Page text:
Unrest is growing

And finally have a look at this:

“As the Rushdie case reminded us, a fundamentalism that leads to a practice of intolerance is incompatible with constitutional democracy. Such a practice is based on religious or historic-philosophical interruptions of the world that claim exclusiveness for a privileged way of life. Such a conceptions lack an awareness of the fallibility of their claims, as well as a respect for the “burden of reason” (Rawls). Of course, religious convictions and global interpretations of the world are not obliged to subscribe to the kind of fallibilism that currently accompanies hypothetical knowledge in the experimental sciences. But fundamentalist worldviews are dogmatic in a different sense: they leave no room for reflection on their relationship with the other worldviews with which they share the same universe of discourse and against whose competing validity claims they can advance their positions on the basis of reasons. They leave no room for “reasonable disagreement.”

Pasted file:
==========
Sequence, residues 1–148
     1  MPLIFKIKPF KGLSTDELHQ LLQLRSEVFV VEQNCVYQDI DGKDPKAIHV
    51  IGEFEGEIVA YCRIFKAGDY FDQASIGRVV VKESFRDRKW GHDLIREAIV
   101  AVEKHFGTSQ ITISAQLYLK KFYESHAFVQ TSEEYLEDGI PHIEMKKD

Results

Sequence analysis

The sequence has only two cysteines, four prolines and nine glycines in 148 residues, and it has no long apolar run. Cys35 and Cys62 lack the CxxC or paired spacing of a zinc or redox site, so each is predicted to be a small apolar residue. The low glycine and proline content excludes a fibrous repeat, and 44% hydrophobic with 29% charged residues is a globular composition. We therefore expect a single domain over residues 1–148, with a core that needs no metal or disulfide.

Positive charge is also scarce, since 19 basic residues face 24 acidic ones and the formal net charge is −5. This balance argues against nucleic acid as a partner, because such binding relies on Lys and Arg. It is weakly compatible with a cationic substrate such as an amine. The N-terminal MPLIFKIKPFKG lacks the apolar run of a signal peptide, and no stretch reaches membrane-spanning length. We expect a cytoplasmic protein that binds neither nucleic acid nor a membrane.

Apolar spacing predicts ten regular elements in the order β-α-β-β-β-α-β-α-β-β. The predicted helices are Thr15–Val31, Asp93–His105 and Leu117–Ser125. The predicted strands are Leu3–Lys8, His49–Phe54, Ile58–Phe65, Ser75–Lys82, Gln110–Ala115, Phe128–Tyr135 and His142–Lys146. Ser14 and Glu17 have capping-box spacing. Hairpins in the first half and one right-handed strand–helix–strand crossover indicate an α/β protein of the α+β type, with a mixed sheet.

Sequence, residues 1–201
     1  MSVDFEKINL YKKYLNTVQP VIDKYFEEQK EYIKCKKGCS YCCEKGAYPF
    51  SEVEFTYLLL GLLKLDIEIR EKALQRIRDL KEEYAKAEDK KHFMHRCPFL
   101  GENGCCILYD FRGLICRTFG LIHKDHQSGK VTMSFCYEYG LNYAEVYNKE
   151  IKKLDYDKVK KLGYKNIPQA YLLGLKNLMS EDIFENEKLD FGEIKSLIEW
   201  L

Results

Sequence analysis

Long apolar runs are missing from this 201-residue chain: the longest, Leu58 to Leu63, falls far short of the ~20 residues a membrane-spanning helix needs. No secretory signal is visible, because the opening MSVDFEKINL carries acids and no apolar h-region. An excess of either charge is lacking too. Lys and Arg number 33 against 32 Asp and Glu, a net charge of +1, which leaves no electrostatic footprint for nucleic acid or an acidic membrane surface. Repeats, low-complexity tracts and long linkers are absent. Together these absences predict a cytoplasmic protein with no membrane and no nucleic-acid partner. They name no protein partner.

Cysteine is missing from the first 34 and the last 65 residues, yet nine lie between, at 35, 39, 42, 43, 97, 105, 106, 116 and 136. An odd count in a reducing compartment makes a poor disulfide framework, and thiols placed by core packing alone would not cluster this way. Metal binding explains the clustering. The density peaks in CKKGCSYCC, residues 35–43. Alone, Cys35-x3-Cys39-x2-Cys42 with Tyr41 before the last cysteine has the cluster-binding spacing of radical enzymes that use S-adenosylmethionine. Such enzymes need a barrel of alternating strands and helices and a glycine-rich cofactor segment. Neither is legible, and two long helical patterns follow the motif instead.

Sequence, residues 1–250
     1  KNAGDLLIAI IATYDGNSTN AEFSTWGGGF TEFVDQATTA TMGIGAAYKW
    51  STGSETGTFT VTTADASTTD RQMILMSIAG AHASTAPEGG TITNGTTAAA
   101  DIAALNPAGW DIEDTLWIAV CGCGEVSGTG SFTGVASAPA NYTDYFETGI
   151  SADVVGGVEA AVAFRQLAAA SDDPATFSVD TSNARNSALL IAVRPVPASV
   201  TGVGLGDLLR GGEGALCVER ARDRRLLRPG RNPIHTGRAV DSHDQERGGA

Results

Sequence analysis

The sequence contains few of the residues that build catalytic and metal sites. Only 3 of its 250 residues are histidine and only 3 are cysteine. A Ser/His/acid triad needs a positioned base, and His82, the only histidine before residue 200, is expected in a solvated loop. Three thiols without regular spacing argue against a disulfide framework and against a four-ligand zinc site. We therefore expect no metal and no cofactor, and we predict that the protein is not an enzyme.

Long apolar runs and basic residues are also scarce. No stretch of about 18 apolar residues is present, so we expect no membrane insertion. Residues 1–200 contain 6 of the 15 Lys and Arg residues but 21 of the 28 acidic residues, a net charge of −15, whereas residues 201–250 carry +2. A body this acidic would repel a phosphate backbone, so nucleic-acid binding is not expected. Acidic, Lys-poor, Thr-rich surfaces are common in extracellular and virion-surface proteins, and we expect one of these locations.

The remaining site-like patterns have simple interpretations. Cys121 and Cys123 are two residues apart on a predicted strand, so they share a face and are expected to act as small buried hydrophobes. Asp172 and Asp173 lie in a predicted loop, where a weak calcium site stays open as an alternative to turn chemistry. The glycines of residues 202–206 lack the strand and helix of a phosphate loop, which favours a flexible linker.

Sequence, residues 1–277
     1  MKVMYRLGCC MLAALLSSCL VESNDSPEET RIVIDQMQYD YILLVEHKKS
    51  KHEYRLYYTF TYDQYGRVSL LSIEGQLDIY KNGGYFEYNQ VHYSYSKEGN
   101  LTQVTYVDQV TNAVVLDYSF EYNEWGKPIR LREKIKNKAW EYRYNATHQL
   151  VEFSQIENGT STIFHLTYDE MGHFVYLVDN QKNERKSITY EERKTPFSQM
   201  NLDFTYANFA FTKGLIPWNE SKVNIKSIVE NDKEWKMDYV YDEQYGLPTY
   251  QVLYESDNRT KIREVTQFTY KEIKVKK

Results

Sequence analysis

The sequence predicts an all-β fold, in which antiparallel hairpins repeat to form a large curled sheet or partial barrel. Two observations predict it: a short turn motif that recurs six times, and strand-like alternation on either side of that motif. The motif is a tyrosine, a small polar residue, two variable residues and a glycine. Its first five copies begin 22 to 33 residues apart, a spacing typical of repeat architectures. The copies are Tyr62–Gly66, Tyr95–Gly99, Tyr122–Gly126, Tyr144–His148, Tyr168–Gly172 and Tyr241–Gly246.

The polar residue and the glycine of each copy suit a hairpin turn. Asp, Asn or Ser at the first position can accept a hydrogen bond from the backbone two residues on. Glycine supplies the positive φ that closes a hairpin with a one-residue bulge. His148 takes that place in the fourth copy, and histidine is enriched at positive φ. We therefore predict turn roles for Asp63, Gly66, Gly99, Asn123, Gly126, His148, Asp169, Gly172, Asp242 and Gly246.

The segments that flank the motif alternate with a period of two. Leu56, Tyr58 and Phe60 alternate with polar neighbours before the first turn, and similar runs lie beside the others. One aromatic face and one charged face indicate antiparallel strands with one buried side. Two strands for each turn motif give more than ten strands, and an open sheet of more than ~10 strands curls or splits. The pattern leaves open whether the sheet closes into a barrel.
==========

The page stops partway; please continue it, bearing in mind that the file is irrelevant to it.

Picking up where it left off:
Habermas on Rushdie and Fundamentalism


MelbournePhilosopher said...

Perhaps it is more like a rotation. We certainly regard Plato's reasoning as being figorous for some topics, and certainly don't dismiss it like we might dismiss a shamanic argument for weather patterns, for example.

It seems in the U.S. that a more mythological / spiritual argumentative process carries a great deal of weight - they brin issues down to simple issues, prefer to deal with question emotively rather that rationally.

Perhaps evolution in this context means change rather than implying any kind of moral "improvement" in reasoning ability. The devaluation might be actual, but there might not be any kind of semantic "betterness" or "worseness".

Ali Rizvi said...

I fundamentally agree with your perceptive comments. However in order to do justice to you and Habermas I need more time than I have available at the moment. So I shall come back to your comments when I have more time. However for the time being I have added a new post which relates to and develop on some themes in your comments.

Ali Rizvi said...


I have added crucial quotes with some brief comments. At this stage I am deliberately holding myself from forming any definitive judgments.